July 1, 2015 Lake Tapps is open for recreational use other than motorized craft after the Cascade Water Alliance (CWA) refilled much of the lake with water from the White River. The Department of Ecology has issued a short term water right permit for refilling the lake with water that has been stored behind Mud Mountain Dam to allow repairs on a fish barrier.
The permit allows the CWA to divert water from the river for refilling the lake at the rate of 1,500 cubic foot per second through July 10th. CWA recommends that lake users check with the City of Boney Lake, Pierce County Parks, private parks and homeowner associations about access to the lake and what activities are allowed based on water levels in each area of the reservoir. For fishing updates, contact the Washington Department of Fish and Wildlife.
The U.S. Army Corps of Engineers (COE) stored water behind Mud Mountain Dam to repair a downstream apron on the fish barrier. The barrier is part of COE’s system to transport endangered salmon above Mud Mountain Dam. The COE is required under federal mandate to repair the apron so as to not harm or kill fish.
Lake levels in Lake Tapps were lowered substantially this past winter to complete 16 infrastructure projects to the reservoir’s 12-mile system of flumes, pumps, valves and dikes but the declining flows in the White River prevented refilling the lake in time for use over the Memorial Day weekend. The mechanisms to fill the lake have been functioning as they should but drought conditions stalled the refilling.
The Lake Tapps Reservoir is normally drained every winter and refilled for summer. CWA reopened the Lake Tapps Reservoir System in March, after being down for more than seven months for significant repairs, maintenance and improvement to the 100-plus year-old system. CWA began refilling Lake Tapps on March 13, as planned.
CWA is limited as to how much water it can withdraw from the White River. By state law, there must be certain amounts of water left in stream for fish, wildlife, recreation and the natural environment. And the White River is experiencing all-time low flows, the lowest flows of record in the past 50 years, so filling the reservoir has been substantially delayed this summer.
Lake Tapps Reservoir was completed in 1911 by Puget Sound Energy (PSE) for hydroelectric power. It is now owned and operated by the Cascade Water Alliance for eventual municipal water supply.p>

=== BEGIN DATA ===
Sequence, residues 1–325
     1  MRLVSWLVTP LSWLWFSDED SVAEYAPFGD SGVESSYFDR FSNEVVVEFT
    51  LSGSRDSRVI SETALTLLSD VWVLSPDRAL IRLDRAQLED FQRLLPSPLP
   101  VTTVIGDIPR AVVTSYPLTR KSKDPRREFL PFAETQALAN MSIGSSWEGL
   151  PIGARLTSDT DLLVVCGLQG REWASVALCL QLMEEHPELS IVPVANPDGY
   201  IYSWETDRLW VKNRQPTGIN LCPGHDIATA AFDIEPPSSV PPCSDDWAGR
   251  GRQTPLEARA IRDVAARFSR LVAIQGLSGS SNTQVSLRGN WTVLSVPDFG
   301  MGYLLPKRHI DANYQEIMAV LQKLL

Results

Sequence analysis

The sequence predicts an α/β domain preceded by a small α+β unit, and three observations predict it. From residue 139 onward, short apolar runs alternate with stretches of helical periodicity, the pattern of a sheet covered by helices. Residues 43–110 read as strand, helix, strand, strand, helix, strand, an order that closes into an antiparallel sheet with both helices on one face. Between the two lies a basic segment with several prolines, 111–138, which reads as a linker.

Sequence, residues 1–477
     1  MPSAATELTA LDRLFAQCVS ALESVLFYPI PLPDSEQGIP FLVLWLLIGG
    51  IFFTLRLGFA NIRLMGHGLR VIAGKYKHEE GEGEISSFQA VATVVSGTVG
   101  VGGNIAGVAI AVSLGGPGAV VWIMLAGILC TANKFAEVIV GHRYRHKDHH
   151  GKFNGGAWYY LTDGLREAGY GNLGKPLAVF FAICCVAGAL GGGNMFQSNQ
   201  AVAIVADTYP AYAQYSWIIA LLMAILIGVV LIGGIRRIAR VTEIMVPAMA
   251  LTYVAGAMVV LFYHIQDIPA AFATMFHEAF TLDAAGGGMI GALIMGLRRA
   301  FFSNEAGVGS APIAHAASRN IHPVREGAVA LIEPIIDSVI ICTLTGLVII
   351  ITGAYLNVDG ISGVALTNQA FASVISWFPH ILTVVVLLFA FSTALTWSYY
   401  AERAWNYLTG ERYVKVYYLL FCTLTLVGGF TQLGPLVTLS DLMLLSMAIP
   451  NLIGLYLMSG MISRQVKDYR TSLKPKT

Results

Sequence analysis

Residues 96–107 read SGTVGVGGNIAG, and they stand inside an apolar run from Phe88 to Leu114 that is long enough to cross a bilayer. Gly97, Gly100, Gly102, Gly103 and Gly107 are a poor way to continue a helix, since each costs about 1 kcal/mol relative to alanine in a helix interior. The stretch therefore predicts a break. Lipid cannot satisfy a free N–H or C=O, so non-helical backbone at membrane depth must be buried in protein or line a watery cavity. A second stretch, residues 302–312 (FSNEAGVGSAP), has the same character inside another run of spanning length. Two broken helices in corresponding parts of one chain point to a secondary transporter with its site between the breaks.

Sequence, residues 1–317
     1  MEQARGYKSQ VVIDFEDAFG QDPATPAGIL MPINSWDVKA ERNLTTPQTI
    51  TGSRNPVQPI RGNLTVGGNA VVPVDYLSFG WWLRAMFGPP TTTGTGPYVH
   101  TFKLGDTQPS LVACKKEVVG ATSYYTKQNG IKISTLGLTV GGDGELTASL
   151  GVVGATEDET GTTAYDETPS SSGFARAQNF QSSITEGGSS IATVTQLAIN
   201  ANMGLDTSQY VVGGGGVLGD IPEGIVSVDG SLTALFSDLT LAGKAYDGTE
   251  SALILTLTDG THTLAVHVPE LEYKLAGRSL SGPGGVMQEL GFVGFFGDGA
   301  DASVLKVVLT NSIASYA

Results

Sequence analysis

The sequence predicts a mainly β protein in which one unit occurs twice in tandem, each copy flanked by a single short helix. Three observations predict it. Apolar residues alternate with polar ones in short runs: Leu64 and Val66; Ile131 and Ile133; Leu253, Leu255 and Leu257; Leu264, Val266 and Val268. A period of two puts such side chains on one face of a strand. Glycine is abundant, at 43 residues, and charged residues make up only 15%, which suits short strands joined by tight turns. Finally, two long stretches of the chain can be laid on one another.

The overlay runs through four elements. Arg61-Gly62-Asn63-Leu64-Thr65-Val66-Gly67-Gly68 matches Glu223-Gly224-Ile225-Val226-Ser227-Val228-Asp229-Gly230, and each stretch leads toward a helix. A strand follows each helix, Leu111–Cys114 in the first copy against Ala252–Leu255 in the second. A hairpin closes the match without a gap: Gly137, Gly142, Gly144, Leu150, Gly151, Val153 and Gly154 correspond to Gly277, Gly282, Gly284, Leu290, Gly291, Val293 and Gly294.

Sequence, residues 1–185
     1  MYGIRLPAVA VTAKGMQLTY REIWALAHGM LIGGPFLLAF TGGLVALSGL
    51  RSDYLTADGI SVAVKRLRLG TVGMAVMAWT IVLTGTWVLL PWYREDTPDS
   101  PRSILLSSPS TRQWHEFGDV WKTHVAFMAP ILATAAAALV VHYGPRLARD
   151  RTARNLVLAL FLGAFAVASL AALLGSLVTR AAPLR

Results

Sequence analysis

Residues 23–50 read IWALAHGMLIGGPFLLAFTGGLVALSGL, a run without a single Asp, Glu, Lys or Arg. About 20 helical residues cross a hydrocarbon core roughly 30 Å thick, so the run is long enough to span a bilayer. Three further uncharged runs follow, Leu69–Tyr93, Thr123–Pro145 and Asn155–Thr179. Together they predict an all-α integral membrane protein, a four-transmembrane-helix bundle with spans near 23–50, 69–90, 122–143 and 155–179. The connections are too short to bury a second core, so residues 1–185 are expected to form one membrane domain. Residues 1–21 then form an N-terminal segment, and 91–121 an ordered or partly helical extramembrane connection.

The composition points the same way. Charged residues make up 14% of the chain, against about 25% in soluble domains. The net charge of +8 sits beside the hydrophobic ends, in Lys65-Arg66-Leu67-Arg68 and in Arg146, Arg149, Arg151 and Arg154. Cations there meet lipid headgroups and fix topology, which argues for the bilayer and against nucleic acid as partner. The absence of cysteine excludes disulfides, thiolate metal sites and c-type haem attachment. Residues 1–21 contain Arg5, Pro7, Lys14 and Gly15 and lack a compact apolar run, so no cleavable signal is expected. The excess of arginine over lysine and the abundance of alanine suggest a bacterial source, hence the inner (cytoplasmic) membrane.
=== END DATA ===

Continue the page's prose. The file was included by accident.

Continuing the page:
PSE stopped hydropower operation in 2004 because of the costs of project operation associated with a Federal Energy Regulatory Commission hydropower license and sold the project to the Cascade Water Alliance in 2009.
In 2010, the Dept. of Ecology (Ecology) issued to CWA four interrelated water rights and one water right change. The water rights package completed a multi-year project to propose and develop a regional water supply system to meet the Central Puget Sound’s long-term municipal needs. Lake Tapps is expected to provide a drinking water supply for nearly 400,000 residents in Bellevue, Redmond, Kirkland, Issaquah, Tukwila, the Covington Water District, the Sammamish Plateau Water and Sewer District and the Skyway Water and Sewer District.
The water rights package approved by Ecology allows CWA to store water in the Lake Tapps Reservoir, divert water from the White River into Lake Tapps to supply water for the Water Supply Project, and withdraw water from Lake Tapps for municipal water supply purposes. It is expected that the project will take 50 years to fully develop and gives CWA the authority to take an average of 48 million gallons of lake water a day (equivalent to a football field covered with water 147 feet deep) for public use.
Part of CWA’s agreement with Ecology was that Lake Tapps would remain filled for the benefit of homeowners and recreational users. The agreement also included a sizeable trust water donation, discussed below.
The Cascade Project consists of a diversion dam on the White River at the town of Buckley, an 8-mile flow line, an off channel storage reservoir (Lake Tapps) and a powerhouse and tailrace canal that enters the White River below Auburn. CWA, which has agreements with local tribes, cities and homeowners to ensure water for fish and people, has completed significant improvements to the entire system.
On January 17, 2015, CWA made a permanent donation of 684, 571 feet of water (equivalent to a football field covered with water 130 miles deep) to the state’s Trust Water Rights Program. The water will stay in-stream for the preservation of instream flows and to protect fish habitat in a stretch of the White River that flows through the Muckleshoot Tribal Reservation.
The largest in recent memory to the trust water program, the donation completes the agreement CWA made in 2010 to donate a portion of the water rights it acquired in the purchase of Lake Tapps from Puget Sound Energy.
In addition to its permanent trust water donation, CWA donated another 154,751 acre feet of water (equivalent to an additional football field covered with water 29 miles deep) to the Temporary Trust water rights program until 2034. The donated water stays in the White River for the benefit of fish, wildlife, recreation and the natural environment. Ecology has agreed not to approve or issue new water right permits for 20.7 miles of the Reservation Reach of the river.
On September 15, 2010, Ecology approved and posted the final Lake Tapps Public Water Supply Project reports of exams. The final water rights decisions and related appendices are posted below:
Lake Tapps Water Supply Project
Southwest Regional Office
Cascade Water Alliance